SENATE CONCURRENT RESOLUTION 32--A BILL EXPRESSING THE SENSE OF CONGRESS ON HEALTH CARE REFORM LEGISLATION; Congressional Record Vol. 155, No. 97
(Senate - June 25, 2009)

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    SENATE CONCURRENT RESOLUTION 32--A BILL EXPRESSING THE SENSE OF 
               CONGRESS ON HEALTH CARE REFORM LEGISLATION

  Mr. MENENDEZ submitted the following concurrent resolution; which was 
referred to the Committee on Health, Education, Labor, and Pensions:

                            S. Con. Res. 32

       Whereas consumers may continue to confront a variety of 
     problems with a reformed health care system;
       Whereas those problems may range from difficulties in 
     choosing an appropriate health plan, problems with 
     calculation of premiums and cost-sharing, the possibility of 
     a denial of benefits, and issues with enrollment and access 
     to providers;
       Whereas the Institute of Medicine estimates that as many as 
     30 percent of people in the United States suffer from health 
     treatment illiteracy;
       Whereas the Office of Disease Prevention and Health 
     Promotion of the Department of Health and Human Services 
     reports that only 12 percent of the population can use a 
     table to calculate the share of health insurance costs for an 
     individual;
       Whereas a study by RAND Corporation found that increasing 
     the ease of access to information regarding insurance 
     products and simplifying the application process would 
     increase purchase rates of insurance products as much as 
     modest subsidies would;
       Whereas the reports from the Institute of Medicine, the 
     Office of Disease Prevention and Health Promotion, and RAND 
     Corporation prove there is a need for a fundamental 
     improvement in the manner in which consumers learn about 
     insurance choices;
       Whereas many consumers lack avenues or mechanisms to 
     present grievances both to the managers of health plans and 
     to external reviewers and fail to receive timely decisions 
     with respect to those grievances;
       Whereas consumers often need expert guidance to pursue 
     claims for denied health care benefits and other coverage 
     disputes;
       Whereas some States have documented a number of cases of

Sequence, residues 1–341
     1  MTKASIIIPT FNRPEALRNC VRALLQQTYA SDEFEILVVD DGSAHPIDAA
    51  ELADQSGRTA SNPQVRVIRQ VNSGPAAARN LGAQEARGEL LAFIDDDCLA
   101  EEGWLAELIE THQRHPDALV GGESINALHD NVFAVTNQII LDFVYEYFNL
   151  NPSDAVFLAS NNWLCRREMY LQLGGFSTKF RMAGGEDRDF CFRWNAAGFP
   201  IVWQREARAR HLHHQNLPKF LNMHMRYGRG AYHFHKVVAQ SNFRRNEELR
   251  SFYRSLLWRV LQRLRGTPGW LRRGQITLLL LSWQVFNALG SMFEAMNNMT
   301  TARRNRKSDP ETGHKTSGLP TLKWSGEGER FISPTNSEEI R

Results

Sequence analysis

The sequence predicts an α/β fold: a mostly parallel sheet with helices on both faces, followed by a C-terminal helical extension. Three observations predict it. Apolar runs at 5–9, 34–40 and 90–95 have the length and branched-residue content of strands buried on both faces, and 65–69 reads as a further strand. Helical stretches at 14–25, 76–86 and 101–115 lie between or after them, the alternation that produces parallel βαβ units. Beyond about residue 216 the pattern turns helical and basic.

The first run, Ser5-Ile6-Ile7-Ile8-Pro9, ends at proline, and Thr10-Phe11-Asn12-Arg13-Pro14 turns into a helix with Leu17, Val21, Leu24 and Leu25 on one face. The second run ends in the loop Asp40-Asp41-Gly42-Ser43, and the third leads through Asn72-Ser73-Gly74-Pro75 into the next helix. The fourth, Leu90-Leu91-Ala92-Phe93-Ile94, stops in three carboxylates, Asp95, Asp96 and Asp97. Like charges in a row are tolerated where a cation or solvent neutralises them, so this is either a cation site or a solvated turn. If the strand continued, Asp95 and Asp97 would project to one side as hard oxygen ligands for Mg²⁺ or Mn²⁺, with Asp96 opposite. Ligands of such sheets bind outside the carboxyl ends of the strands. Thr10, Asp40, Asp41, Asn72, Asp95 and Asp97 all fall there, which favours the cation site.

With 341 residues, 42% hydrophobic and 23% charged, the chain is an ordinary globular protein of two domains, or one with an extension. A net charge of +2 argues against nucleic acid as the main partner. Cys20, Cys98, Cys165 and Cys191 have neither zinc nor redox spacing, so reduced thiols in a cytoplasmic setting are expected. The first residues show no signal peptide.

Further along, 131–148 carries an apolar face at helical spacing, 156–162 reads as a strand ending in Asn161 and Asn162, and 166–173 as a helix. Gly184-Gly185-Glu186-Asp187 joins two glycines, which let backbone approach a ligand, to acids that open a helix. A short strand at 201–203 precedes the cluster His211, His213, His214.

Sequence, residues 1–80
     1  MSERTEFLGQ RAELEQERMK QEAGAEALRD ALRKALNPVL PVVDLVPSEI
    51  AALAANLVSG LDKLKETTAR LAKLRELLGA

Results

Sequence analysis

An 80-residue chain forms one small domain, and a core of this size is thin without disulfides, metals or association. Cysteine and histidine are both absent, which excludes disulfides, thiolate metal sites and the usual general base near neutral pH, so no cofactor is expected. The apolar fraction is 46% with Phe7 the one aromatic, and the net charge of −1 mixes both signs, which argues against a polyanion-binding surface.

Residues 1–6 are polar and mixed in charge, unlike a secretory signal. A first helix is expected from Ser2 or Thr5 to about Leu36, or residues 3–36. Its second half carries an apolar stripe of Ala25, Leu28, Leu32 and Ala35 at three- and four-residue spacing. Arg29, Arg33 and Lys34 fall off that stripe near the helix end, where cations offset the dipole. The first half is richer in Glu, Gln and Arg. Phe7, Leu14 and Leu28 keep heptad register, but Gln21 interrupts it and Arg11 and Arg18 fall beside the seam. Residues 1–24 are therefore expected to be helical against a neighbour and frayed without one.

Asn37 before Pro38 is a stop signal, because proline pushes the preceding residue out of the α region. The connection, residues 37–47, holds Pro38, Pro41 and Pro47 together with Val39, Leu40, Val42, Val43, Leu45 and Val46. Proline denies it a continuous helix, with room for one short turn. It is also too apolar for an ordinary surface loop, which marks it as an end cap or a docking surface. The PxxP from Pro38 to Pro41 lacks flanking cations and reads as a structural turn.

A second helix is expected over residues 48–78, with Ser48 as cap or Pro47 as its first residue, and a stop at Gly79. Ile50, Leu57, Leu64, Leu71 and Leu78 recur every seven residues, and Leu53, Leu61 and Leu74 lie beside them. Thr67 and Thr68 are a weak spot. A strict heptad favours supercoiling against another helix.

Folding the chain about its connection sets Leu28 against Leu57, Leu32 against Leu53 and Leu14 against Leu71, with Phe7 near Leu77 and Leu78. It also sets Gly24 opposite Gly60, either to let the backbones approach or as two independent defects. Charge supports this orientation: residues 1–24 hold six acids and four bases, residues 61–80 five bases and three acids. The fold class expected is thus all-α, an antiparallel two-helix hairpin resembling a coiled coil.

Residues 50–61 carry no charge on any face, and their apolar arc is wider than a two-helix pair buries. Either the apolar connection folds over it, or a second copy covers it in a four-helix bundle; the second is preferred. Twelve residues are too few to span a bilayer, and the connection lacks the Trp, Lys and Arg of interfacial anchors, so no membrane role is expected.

improperly rescinded health insurance policies, inappropriate 
     billing for out-of-network services, and fraudulent and 
     deceptive marketing of health plans;
       Whereas the Federal Government lacks oversight mechanisms 
     to prevent health care coverage problems from recurring in 
     other States;
       Whereas the appropriate resolution of a health coverage 
     complaint may involve multiple Federal and State agencies;
       Whereas health plans sometimes make mid-year changes to 
     provider networks, benefit offerings, or other elements of 
     the plan important to enrollees;
       Whereas people need assistance enforcing consumer rights in 
     the health care system; and
       Whereas Federal laws have created successful models of 
     consumer assistance with health dispute resolution, such as 
     the Long Term Care Ombudsman program that assists nursing 
     home residents in every State and the Senior Health Insurance 
     Assistance Program that assists those eligible for Medicare: 
     Now, therefore, be it
       Resolved by the Senate (the House of Representatives 
     concurring), That it is the sense of Congress that any health 
     care reform legislation should include, with respect to 
     health plans--
       (1) support for consumer education and assistance with 
     enrollment, particularly for vulnerable populations, at both 
     the Federal and State levels;
       (2) assistance for people asserting consumer rights;
       (3) a strengthened system of consumer protections, 
     including--
       (A) an appeal mechanism within a health plan, and an appeal 
     mechanism with an external entity independent of the health 
     plan, which could address a variety of coverage problems;
       (B) coverage for emergency care without prior 
     authorization;

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